TODAY: Udaltsov snubs Medvedev ceremony marking relaxed party registration; United Russia and All-Russia People’s Front still play lead roles; Medvedev ignores Khodorkovsky release recommendation; Russian mob culture moving to London? Orthodox Church says under attack; Russia unhappy about U.S. funding for democratic organisations; opposition pops up in municipal meetings.
Left Front leader Sergei Udaltsov snubbed a meeting to mark President Dmitry Medvedev’s signing of a new bill drastically reducing the minimum membership requirements for political parties wishing to take part in elections. ‘I see no point in taking part in a formal event in the capacity of a silent Kremlin decoration,’ he said, condemning the reform as a sham. Vladimir Putin, meanwhile, applauded his own United Russia party as ‘a leading political force’ and promised that his All-Russia People’s Front will continue its work. Mikhail Ignatyev’s plan to create a list of ‘media that write lies’ is an attempt to pressure advertisers into avoiding independent bodies, critics say. Medvedev ignored an expert panel’s recommendation that Mikhail Khodorkovsky be released. A Moscow court rejected an appeal by the Magnitsky family to have the tax evasion case against former lawyer Sergei Magnitsky closed, insisting that the case is ‘legal and reasonable’. The U.K. government is under pressure to publish the names of Russians suspected of having links with targeted assassinations, after a Russian banker was shot in London last month, sparking concerns that the country ‘might be turning into a playground for Russian mobsters’. Does the success of Kofi Annan’s peace plan for Syria hinge on Russia’s willingness to maintain its pressure on Bashar al-Assad?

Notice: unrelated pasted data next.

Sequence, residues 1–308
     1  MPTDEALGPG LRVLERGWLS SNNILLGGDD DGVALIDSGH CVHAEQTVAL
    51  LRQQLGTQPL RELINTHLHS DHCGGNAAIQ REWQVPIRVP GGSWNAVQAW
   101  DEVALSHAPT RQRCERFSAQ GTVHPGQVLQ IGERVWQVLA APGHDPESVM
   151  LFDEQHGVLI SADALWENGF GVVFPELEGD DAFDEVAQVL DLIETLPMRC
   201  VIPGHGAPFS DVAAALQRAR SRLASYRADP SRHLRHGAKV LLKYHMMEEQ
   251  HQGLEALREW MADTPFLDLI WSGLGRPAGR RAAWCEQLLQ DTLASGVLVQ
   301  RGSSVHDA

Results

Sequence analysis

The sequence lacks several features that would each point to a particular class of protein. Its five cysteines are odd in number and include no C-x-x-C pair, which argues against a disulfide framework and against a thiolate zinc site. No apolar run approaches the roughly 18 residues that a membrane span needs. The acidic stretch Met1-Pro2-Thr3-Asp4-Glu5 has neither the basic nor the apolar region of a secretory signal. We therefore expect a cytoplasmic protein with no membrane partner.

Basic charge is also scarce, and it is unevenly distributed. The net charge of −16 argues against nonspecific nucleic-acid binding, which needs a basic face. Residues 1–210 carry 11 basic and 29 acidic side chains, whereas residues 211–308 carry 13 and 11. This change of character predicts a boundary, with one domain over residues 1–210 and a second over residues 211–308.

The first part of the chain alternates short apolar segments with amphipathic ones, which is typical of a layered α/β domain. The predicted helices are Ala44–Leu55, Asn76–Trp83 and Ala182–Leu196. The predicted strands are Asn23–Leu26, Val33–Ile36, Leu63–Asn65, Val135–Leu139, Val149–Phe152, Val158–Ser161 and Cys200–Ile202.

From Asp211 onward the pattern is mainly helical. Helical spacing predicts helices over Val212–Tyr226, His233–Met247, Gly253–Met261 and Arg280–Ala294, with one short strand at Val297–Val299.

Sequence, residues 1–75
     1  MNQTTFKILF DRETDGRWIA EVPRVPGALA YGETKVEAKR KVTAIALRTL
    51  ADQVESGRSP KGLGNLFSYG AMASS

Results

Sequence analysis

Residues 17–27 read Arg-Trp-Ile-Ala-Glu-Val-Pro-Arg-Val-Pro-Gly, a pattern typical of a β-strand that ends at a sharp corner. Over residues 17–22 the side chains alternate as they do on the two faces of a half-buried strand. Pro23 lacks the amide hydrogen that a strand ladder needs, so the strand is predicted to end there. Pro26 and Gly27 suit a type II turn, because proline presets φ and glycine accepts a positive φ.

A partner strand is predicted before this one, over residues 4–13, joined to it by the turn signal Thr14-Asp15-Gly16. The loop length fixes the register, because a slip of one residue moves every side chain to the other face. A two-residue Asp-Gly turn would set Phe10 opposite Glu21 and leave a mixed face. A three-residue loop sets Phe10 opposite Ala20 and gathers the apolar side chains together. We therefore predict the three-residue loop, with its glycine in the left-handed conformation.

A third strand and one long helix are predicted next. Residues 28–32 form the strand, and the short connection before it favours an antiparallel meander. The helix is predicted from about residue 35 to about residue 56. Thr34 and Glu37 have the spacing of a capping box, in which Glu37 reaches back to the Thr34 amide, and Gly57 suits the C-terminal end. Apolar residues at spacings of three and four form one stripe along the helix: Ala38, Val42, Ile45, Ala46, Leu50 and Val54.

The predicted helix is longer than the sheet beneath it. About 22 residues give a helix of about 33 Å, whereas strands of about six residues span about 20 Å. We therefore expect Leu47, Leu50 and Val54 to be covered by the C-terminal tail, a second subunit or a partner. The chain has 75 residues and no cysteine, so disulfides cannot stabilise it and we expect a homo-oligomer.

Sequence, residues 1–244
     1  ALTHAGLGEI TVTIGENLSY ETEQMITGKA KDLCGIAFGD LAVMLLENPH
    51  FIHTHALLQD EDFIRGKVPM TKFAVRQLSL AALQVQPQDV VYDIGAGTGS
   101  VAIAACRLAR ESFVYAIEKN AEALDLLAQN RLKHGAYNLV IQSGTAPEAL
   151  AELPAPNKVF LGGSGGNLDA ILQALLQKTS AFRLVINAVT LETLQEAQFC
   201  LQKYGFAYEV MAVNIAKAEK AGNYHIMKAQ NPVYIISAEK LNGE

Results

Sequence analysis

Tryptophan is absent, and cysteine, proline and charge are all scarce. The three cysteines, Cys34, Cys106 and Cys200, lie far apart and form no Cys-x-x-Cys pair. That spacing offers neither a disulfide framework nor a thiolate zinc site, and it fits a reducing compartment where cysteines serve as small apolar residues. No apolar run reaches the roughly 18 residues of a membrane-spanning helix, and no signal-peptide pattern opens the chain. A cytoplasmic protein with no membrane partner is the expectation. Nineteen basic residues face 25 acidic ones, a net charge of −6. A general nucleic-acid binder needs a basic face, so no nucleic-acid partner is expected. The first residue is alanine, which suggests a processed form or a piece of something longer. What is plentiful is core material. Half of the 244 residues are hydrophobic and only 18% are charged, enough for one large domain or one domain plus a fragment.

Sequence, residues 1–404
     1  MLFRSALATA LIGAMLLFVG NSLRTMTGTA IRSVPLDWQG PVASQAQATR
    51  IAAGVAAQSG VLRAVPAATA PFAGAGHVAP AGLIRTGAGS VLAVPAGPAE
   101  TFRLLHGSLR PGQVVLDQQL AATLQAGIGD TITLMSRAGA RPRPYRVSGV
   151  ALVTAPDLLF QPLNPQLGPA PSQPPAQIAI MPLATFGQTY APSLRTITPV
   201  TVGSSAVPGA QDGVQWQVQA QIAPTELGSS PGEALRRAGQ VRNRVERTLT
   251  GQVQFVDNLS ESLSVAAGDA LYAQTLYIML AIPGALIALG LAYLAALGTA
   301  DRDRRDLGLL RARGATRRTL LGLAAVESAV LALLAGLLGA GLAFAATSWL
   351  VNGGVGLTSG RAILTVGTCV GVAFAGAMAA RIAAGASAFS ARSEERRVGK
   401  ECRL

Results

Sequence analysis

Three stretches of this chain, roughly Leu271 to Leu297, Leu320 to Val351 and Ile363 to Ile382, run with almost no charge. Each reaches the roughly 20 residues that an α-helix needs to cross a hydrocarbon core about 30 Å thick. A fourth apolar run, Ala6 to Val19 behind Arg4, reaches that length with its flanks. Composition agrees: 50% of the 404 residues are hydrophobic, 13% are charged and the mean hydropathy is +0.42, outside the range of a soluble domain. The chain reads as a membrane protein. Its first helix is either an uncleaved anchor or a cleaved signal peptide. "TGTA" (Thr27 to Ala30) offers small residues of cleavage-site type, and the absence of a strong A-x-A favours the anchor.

The Orthodox Church says it has come under attack from ‘anti-Russian forces’ following its backing of Vladimir Putin in the run-up to the presidential elections, including punk group Pussy Riot as one of its ‘attackers’. Amnesty International is urging the authorities to release the three members of the group still in prison. Yulia Latynina writes on Vladimir Putin’s plans to create a 400,000-strong National Guard to protect the country from internal threats, which she says would cause Russia to resemble ‘a classic South American or Middle Eastern dictatorship’. Russia will decline the U.S. invitation to observe test launches of its missile defense system. Vladimir Ryzhkov contextualises the current position of, and difficulties faced by, Ambassador Michael McFaul. U.S. funding for democratic institutions in Russia is ‘reaching a scale that is turning into a problem in our relations’, says the Deputy Foreign Minister.
A Russian publisher has refused to withdraw its Stalin notebook. ‘If these notebooks end up in schools, kids who don’t yet know history can think: ‘You can kill a lot of people, but still be great’. It’s very dangerous.’ The Independent remembers Marina Salye. Russia’s municipal council meetings are turning violent as residents become passionate about local politics. RFE/RL reports on Konstantin Yankauskas, the opposition candidate who recently won a seat on Moscow’s municipal council after a U.S. style campaign of meeting voters and listening to their opinions.
PHOTO: Russian Prime Minister Vladimir Putin (R) and Patriarch of Moscow and All Russia Kirill visit the restored rooms of Svyato-Danilov Monastery, the headquarters of the Russian Orthodox church, in Moscow February 1, 2012. REUTERS/Yana Lapikova/RIA Novosti/Pool